CSHB 505(JUD): "An Act making appropriations to the constitutional budget reserve fund established under art. IX, sec. 17, Constitution of the State of Alaska; and providing for an effective date."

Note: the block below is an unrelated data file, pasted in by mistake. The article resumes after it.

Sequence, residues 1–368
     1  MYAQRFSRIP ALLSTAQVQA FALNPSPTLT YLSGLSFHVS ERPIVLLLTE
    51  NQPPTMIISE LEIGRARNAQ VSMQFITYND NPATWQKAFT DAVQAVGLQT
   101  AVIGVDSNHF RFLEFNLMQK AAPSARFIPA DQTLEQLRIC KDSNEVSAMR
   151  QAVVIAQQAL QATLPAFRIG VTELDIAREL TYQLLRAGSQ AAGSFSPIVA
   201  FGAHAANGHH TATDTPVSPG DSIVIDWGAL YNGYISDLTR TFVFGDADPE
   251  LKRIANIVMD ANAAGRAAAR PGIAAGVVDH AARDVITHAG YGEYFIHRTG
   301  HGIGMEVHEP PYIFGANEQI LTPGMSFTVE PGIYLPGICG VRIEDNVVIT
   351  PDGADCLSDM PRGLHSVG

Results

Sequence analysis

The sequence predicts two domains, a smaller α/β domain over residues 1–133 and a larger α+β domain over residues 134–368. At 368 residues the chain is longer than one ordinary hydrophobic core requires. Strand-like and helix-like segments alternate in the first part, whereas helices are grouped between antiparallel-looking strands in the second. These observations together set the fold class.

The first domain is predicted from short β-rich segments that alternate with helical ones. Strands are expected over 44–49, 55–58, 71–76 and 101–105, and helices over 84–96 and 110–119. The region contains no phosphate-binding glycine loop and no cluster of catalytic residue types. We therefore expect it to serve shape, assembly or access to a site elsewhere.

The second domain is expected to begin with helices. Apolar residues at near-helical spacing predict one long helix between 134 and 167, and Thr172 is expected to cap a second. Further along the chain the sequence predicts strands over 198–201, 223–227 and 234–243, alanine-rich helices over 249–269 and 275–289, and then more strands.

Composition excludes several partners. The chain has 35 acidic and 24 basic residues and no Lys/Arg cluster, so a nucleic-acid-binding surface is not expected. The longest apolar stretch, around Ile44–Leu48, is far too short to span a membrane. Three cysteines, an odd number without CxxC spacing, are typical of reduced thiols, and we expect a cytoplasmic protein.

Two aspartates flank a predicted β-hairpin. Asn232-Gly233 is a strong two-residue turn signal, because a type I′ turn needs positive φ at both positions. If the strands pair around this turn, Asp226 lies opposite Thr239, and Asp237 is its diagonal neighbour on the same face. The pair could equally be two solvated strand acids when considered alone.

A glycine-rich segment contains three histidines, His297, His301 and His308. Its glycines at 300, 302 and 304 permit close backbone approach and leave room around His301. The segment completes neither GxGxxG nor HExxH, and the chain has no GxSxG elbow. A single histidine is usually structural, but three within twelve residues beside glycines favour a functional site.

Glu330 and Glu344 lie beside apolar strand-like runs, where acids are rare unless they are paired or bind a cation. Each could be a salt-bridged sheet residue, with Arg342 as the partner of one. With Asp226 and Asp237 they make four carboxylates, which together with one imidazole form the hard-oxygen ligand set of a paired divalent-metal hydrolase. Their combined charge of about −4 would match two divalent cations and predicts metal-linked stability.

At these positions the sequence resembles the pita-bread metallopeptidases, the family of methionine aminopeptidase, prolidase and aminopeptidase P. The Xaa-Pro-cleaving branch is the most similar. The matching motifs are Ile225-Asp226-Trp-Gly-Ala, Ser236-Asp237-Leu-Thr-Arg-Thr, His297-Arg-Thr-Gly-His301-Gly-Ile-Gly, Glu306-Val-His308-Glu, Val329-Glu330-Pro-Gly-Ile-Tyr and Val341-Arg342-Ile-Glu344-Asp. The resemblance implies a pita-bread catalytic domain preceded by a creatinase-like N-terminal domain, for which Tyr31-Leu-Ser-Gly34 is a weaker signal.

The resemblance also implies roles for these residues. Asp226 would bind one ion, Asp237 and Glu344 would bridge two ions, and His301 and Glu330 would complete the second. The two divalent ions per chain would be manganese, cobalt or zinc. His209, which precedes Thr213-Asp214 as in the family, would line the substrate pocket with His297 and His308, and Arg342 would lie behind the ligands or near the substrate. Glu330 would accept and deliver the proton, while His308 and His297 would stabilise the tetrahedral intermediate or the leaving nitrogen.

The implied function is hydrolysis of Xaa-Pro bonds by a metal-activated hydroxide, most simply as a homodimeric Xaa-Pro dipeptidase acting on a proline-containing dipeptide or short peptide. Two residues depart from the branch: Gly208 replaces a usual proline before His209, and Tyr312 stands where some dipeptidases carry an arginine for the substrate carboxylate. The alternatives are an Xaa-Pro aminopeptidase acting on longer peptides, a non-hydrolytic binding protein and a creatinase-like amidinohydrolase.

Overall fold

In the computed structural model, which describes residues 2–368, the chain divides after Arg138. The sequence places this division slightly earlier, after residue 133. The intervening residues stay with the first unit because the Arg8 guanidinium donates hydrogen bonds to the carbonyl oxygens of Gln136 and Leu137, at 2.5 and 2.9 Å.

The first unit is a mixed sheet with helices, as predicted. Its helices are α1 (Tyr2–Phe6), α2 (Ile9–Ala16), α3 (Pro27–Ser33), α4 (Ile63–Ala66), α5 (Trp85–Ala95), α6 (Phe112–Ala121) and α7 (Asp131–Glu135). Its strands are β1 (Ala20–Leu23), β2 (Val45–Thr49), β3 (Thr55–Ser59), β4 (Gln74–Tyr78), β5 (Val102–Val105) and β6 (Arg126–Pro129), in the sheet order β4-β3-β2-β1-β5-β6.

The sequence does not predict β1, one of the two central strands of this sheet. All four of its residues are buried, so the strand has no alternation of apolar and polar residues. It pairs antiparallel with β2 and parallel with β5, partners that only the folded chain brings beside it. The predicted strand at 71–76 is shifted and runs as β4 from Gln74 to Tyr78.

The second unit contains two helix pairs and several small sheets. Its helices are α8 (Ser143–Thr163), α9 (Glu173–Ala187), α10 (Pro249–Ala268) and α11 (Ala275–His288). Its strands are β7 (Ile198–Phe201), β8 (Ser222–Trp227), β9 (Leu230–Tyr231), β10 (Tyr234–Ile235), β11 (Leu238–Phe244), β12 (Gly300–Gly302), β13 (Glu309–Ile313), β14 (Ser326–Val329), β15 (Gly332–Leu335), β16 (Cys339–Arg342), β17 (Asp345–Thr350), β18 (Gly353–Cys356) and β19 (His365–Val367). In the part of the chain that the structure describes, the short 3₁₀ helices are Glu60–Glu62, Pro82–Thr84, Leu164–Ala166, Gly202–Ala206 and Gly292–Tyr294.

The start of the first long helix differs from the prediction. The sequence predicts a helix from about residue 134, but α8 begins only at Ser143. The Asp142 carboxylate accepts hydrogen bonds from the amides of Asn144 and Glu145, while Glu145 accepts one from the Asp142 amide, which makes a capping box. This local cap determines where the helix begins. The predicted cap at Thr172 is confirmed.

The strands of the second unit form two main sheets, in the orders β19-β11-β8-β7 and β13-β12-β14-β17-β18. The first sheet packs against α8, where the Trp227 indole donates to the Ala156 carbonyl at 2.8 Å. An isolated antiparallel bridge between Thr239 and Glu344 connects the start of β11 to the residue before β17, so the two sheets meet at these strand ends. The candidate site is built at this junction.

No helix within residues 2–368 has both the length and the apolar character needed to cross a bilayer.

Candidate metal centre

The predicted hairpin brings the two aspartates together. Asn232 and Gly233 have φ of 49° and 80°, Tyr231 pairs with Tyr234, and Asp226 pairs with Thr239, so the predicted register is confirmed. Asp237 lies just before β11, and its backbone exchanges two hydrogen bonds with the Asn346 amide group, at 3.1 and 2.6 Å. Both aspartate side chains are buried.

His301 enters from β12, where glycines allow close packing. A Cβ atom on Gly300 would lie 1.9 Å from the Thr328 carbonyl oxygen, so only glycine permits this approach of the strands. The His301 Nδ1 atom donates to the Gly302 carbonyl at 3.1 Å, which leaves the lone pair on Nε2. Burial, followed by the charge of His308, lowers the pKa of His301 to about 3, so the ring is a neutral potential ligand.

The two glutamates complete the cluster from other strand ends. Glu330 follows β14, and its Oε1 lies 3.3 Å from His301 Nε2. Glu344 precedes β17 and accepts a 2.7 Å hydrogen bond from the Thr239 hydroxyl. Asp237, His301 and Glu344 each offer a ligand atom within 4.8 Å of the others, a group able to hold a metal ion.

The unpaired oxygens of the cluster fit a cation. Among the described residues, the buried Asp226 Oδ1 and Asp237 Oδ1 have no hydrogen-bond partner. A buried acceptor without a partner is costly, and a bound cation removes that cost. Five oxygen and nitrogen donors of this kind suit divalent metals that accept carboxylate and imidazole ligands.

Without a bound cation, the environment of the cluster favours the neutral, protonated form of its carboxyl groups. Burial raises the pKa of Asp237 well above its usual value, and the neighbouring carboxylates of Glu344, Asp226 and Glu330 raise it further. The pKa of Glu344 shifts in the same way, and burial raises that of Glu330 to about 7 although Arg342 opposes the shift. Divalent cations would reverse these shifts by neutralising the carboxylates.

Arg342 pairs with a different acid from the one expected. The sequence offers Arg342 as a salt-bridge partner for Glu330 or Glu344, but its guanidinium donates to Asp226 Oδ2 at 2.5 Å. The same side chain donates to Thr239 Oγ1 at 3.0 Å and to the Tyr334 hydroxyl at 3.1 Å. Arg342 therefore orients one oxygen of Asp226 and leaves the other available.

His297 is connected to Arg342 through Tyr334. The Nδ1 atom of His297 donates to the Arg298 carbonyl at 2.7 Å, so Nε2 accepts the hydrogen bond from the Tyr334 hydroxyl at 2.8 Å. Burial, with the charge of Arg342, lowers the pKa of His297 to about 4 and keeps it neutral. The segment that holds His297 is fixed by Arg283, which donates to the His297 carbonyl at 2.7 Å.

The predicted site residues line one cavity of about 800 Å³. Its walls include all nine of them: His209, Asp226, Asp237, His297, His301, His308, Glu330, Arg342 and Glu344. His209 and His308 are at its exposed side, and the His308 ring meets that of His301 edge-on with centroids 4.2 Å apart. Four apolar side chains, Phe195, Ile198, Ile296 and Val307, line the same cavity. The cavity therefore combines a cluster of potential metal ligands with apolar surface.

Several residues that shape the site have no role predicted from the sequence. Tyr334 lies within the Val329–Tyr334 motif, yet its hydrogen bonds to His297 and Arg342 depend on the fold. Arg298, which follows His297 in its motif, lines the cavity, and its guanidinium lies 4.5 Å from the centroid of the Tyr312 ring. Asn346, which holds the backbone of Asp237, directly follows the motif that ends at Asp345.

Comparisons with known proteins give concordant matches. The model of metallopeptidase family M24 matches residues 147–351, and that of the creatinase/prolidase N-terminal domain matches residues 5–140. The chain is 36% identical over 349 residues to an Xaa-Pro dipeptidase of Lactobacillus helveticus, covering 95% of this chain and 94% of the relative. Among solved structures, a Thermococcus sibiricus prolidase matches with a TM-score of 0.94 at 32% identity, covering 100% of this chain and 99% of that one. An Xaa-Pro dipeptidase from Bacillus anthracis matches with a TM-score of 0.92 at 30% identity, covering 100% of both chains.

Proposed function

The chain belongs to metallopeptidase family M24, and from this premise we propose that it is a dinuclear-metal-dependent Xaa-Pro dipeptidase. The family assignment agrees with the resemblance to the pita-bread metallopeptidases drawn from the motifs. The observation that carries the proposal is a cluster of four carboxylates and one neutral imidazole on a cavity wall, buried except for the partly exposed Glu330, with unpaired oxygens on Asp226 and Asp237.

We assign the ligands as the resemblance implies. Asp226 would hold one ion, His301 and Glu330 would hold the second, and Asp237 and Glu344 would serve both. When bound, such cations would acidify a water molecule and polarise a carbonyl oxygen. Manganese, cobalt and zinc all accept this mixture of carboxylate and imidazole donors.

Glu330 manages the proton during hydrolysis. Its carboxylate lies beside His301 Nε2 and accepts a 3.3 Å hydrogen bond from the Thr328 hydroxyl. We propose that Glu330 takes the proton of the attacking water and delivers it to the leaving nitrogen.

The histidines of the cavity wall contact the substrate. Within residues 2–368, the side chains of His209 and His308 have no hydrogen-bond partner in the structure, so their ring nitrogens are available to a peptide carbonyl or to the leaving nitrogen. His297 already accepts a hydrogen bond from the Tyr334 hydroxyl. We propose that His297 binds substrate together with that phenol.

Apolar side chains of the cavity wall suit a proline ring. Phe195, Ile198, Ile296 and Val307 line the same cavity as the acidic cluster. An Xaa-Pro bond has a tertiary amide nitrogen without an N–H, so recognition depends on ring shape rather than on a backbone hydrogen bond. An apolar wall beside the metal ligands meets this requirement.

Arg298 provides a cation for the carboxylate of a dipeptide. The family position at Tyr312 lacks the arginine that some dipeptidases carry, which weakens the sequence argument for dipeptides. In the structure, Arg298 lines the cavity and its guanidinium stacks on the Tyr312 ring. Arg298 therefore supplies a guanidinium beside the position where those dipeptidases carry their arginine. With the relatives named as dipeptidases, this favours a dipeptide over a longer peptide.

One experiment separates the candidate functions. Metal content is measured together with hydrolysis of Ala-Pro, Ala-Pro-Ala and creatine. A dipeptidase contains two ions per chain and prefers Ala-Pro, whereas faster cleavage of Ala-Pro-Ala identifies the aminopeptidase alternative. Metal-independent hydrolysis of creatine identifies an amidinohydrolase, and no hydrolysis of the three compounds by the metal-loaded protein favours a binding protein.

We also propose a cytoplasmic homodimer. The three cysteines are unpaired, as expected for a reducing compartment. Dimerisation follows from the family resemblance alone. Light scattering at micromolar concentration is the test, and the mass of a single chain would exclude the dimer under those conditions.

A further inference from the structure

00CS FOR HOUSE BILL NO. 505(JUD) 01 "An Act making appropriations to the constitutional budget reserve fund 02 established under art. IX, sec. 17, Constitution of the State of Alaska; and 03 providing for an effective date." 04 BE IT ENACTED BY THE LEGISLATURE OF THE STATE OF ALASKA: 05 * Section 1. FINDINGS AND INTENT. (a) Following ratification by the voters, art. IX, 06 sec. 17, of the Constitution of the State of Alaska, took effect on January 2, 1991. This 07 amendment 08 (1) created a constitutional budget reserve fund; 09 (2) required that the proceeds of certain tax and mineral revenue disputes be 10 deposited into that fund; and 11 (3) established limitations on the legislature's ability to appropriate money 12 from that fund. 13 (b) That amendment dedicates to the constitutional budget reserve fund money from 14 mineral lease bonuses, rentals, royalties, royalty sale proceeds, federal mineral revenue sharing